We’re finally able to get out into the wet wet fields to pick some pumpkins! We had hoped to offer “pick your own” but we’re afraid everyone is going to get stuck in the mud while picking their pumpkins! So for now, we’re picking and putting them at the bottom of our driveway at the self serve stand.
Most of our pumpkins were grown from seed at our house from Baker Creek Heirloom seeds. They are all considered delicious eating/baking, even the wee ones!
Visit our driveway stand at 1988 County Road YY • Baldwin
Little pumpkins are 3 for $1. Large pumpkins are $3 each. Special “bulk pricing” for friends with large families 🙂 (ie – if you have more than 4 kiddos, we’ll make you a deal so you can carve pumpkins with your kids and still afford to buy groceries for the week!)
We have 4 varieties of pumpkins:
Slate, blue-grey, 6- to 10-lb pumpkins of superb quality. Their shape is flat, ribbed, and very decorative; also a good keeper. Popular in Australia, an excellent variety. One of the more tasty varieties for a variety of savory dishes and is excellent for a year-round supply of squash, as these will often keep well over 12 months!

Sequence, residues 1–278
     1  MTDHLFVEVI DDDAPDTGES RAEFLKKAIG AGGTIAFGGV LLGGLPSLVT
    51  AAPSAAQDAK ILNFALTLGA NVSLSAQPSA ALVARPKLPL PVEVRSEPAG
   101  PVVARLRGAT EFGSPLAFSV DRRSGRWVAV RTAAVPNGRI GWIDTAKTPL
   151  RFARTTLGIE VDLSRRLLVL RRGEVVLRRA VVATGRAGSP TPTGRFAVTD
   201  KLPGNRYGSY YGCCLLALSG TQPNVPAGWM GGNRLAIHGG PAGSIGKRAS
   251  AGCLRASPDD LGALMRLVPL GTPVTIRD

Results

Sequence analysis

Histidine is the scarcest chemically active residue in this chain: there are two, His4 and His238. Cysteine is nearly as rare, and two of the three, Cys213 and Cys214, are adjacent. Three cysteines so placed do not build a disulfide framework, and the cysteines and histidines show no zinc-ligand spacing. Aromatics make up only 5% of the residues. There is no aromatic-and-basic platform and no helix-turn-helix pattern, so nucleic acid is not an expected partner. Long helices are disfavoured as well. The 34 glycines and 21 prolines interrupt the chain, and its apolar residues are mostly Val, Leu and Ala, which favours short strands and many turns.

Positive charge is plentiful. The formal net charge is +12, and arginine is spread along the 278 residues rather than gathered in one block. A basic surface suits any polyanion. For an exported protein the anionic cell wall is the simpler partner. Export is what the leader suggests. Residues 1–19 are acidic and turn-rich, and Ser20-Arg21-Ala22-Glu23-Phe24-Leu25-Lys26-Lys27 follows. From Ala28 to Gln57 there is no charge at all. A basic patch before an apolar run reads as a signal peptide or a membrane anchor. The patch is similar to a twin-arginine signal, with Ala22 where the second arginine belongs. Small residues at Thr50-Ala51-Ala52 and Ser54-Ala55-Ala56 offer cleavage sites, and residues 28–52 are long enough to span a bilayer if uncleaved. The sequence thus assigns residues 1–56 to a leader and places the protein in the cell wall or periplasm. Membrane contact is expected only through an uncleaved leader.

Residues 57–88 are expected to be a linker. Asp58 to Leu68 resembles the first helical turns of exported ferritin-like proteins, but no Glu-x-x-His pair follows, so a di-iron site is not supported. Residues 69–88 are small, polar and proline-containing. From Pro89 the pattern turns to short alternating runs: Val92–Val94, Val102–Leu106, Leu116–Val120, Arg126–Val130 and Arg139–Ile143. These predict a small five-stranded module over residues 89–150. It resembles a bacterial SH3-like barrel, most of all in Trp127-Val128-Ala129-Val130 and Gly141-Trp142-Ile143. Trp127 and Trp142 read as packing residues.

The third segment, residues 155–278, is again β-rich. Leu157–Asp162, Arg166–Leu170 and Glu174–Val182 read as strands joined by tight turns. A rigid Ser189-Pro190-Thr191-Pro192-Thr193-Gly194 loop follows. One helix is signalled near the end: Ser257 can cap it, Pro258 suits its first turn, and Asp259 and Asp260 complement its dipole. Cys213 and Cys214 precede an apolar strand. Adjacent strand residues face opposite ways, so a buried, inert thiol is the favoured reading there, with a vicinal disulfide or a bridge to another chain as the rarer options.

Jack Be Little Squash
This tiny, cute pumpkin weighs just 8 ounces; flat and ribbed. These are highly popular and a top-selling fall crop. The flesh is good to eat, and the skin is bright orange. This type of squash may have been developed in the Orient, as pumpkins of this type are offered to the ‘Spirits’ by many in Thailand, where they come in 4 or 5 colors.
Conneticut Field Pumpkin
The heirloom pumpkin of the New England settlers and Indians, several hundred years old. Golden fruit weigh about 20 lbs each. This is a truly old variety; can be used for pies; the traditional American pumpkin.
Last Year’s Aldi Pumpkin
Of course I have no idea what kind of pumpkin we bought last year but we got it at Aldi and saved some of the seeds, and they came up just fine this year!
Our daughter has developed a knack for taking pictures around our place so I decided to make a page just for her photos. I told her I’d like to upload some to shutterfly to have them printed out for her to sell when we have a little shop on the property someday… the look on her face when I said that was priceless…
Here’s a little sampling, and a link to the new page here.